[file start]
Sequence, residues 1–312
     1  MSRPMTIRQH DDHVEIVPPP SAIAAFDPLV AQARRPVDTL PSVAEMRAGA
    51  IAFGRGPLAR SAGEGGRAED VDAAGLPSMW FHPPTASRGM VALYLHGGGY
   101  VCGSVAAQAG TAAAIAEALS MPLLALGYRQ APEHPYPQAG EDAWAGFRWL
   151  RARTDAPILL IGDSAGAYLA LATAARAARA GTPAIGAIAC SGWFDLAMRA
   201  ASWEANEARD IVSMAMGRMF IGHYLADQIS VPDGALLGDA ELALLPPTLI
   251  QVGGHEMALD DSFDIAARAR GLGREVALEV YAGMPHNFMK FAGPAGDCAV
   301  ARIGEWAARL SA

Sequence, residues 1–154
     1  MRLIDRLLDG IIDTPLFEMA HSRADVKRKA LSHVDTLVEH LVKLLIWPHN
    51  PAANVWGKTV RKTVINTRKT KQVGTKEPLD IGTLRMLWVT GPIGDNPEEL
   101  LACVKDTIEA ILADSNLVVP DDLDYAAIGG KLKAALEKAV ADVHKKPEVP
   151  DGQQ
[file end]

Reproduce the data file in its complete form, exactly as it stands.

Sequence, residues 1–312
     1  MSRPMTIRQH DDHVEIVPPP SAIAAFDPLV AQARRPVDTL PSVAEMRAGA
    51  IAFGRGPLAR SAGEGGRAED VDAAGLPSMW FHPPTASRGM VALYLHGGGY
   101  VCGSVAAQAG TAAAIAEALS MPLLALGYRQ APEHPYPQAG EDAWAGFRWL
   151  RARTDAPILL IGDSAGAYLA LATAARAARA GTPAIGAIAC SGWFDLAMRA
   201  ASWEANEARD IVSMAMGRMF IGHYLADQIS VPDGALLGDA ELALLPPTLI
   251  QVGGHEMALD DSFDIAARAR GLGREVALEV YAGMPHNFMK FAGPAGDCAV
   301  ARIGEWAARL SA

Sequence, residues 1–154
     1  MRLIDRLLDG IIDTPLFEMA HSRADVKRKA LSHVDTLVEH LVKLLIWPHN
    51  PAANVWGKTV RKTVINTRKT KQVGTKEPLD IGTLRMLWVT GPIGDNPEEL
   101  LACVKDTIEA ILADSNLVVP DDLDYAAIGG KLKAALEKAV ADVHKKPEVP
   151  DGQQ